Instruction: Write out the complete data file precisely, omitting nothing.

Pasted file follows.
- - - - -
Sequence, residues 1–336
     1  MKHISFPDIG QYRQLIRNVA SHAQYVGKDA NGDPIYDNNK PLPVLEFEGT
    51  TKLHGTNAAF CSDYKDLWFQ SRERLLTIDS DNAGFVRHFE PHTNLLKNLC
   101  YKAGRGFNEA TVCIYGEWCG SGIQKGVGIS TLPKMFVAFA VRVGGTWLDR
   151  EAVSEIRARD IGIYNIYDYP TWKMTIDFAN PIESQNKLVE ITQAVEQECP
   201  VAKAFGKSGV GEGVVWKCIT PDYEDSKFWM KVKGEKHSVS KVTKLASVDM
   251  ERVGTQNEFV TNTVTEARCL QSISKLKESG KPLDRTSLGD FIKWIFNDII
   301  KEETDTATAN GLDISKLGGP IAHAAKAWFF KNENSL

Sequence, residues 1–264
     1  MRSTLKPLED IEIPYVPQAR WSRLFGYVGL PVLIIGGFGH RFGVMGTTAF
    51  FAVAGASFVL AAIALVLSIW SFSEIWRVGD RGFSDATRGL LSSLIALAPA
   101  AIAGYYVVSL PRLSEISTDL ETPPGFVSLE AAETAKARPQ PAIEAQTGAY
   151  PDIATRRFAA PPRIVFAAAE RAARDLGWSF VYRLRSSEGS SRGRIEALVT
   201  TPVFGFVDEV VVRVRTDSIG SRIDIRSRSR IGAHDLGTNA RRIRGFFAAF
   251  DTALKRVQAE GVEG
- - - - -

Sequence, residues 1–336
     1  MKHISFPDIG QYRQLIRNVA SHAQYVGKDA NGDPIYDNNK PLPVLEFEGT
    51  TKLHGTNAAF CSDYKDLWFQ SRERLLTIDS DNAGFVRHFE PHTNLLKNLC
   101  YKAGRGFNEA TVCIYGEWCG SGIQKGVGIS TLPKMFVAFA VRVGGTWLDR
   151  EAVSEIRARD IGIYNIYDYP TWKMTIDFAN PIESQNKLVE ITQAVEQECP
   201  VAKAFGKSGV GEGVVWKCIT PDYEDSKFWM KVKGEKHSVS KVTKLASVDM
   251  ERVGTQNEFV TNTVTEARCL QSISKLKESG KPLDRTSLGD FIKWIFNDII
   301  KEETDTATAN GLDISKLGGP IAHAAKAWFF KNENSL

Sequence, residues 1–264
     1  MRSTLKPLED IEIPYVPQAR WSRLFGYVGL PVLIIGGFGH RFGVMGTTAF
    51  FAVAGASFVL AAIALVLSIW SFSEIWRVGD RGFSDATRGL LSSLIALAPA
   101  AIAGYYVVSL PRLSEISTDL ETPPGFVSLE AAETAKARPQ PAIEAQTGAY
   151  PDIATRRFAA PPRIVFAAAE RAARDLGWSF VYRLRSSEGS SRGRIEALVT
   201  TPVFGFVDEV VVRVRTDSIG SRIDIRSRSR IGAHDLGTNA RRIRGFFAAF
   251  DTALKRVQAE GVEG